COVID-19 opens avenues for ministering, connecting with Generation Z

COVID-19 opens avenues for ministering, connecting with Generation Z

The coronavirus/COVID-19 pandemic has pushed some churches to think outside the box and reconsider how they use technology to reach the community. For seekers in the range of Generation Z, these changes have been right on time.

Reaching Generation Z presents a challenge to those of earlier generations but according to Sean McDowell — author, speaker and apologetics professor at Biola University — wisdom and understanding as recommended in Proverbs 24:3 can help parents and church leaders influence this generation for Christ.

Born between 1995 and 2010, Generation Z members comprise roughly 25% of the current population and range from early elementary age to those just entering the workforce.

Understanding Gen Zers is crucial, McDowell said at the 2020 Alabama State Evangelism Conference in February. Keeping a positive attitude, remembering that everyone has a unique story and realizing that generations share more in common than they have differences can open the doors of ministry.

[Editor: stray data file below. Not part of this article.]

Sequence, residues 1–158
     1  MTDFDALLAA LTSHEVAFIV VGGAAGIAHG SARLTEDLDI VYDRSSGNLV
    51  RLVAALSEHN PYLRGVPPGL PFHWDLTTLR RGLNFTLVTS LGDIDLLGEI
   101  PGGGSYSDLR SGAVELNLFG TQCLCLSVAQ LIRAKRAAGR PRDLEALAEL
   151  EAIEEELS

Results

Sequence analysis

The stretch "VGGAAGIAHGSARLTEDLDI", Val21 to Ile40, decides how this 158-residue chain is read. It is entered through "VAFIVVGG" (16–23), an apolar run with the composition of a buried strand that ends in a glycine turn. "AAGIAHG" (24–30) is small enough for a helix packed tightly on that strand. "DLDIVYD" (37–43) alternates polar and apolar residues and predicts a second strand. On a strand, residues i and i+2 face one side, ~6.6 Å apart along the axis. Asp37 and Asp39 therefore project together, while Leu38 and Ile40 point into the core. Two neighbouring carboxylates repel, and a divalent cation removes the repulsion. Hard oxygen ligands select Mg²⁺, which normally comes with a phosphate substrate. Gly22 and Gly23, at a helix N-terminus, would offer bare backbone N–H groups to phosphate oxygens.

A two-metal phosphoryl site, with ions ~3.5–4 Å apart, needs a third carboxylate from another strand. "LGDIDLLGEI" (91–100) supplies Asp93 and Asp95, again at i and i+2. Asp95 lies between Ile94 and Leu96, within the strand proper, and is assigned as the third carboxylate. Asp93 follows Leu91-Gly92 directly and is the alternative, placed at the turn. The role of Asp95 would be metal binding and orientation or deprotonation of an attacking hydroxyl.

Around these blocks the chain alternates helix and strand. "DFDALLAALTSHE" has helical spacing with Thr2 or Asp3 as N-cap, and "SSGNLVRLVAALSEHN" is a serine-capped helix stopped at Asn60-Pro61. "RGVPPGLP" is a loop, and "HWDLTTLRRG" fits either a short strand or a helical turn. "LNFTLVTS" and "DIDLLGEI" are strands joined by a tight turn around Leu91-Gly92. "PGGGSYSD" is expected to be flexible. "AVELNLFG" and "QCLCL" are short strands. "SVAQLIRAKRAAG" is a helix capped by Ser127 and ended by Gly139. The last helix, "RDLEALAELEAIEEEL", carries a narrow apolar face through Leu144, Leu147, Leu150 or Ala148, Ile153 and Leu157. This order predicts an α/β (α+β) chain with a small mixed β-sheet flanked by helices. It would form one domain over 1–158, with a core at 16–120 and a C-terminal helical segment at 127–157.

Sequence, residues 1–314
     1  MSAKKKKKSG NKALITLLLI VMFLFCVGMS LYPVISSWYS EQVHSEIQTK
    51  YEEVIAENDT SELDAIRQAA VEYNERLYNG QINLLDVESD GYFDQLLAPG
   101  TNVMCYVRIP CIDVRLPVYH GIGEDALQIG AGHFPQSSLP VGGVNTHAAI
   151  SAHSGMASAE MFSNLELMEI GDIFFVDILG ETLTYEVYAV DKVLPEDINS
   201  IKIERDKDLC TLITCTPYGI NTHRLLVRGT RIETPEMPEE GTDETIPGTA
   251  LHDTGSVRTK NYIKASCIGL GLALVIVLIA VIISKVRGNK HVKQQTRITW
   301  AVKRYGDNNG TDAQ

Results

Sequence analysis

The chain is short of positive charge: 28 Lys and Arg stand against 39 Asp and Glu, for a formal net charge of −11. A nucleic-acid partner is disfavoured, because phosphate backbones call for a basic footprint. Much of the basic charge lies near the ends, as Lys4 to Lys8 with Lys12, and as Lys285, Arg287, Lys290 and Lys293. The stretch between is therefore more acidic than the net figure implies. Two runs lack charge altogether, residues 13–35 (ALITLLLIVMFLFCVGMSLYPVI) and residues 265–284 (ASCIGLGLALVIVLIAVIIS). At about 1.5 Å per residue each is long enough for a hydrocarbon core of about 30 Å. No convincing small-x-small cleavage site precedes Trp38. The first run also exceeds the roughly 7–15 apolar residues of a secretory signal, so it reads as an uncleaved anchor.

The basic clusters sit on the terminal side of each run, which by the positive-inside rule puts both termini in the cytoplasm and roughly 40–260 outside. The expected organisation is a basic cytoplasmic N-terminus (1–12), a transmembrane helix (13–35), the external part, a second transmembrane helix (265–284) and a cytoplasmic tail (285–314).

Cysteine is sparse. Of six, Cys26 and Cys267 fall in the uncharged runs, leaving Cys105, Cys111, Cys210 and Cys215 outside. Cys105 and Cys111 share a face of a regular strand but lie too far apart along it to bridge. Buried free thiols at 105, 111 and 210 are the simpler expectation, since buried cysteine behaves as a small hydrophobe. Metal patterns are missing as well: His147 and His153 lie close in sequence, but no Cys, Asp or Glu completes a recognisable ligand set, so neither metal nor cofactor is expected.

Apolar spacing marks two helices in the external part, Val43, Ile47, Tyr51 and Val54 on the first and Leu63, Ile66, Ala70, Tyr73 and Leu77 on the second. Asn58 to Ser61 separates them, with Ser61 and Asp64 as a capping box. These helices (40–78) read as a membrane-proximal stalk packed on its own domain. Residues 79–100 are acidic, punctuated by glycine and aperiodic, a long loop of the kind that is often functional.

As digital natives, this generation “puts technology in the same category as air and water,” he said. Approximately 79% have symptoms of emotional distress if their phone is taken away.

Relationships are key

Gen Zers are racially diverse and most have a “post-Christian” worldview, with less than 4% holding a biblical worldview.

Technology shapes them, McDowell said, blurring their view of concepts like family and gender that were fixed for previous generations. The constant stimulus of technology, specifically social media, leaves Gen Z feeling overwhelmed, as if they can never escape their problems, he said.

“We have to be prepared and willing to deal with the brokenness manifesting itself today,” McDowell said. “The key is to build relationships with them, so we are there to listen, encourage, discipline and love them. Much of the stress is exacerbated because students don’t have healthy relationships.”

According to David Evans, author and senior pastor of Springfield Baptist Church in Springfield, Tennessee, efficient use of technology and social media has always been necessary, but many churches are just now beginning to realize what a tremendous tool it can be.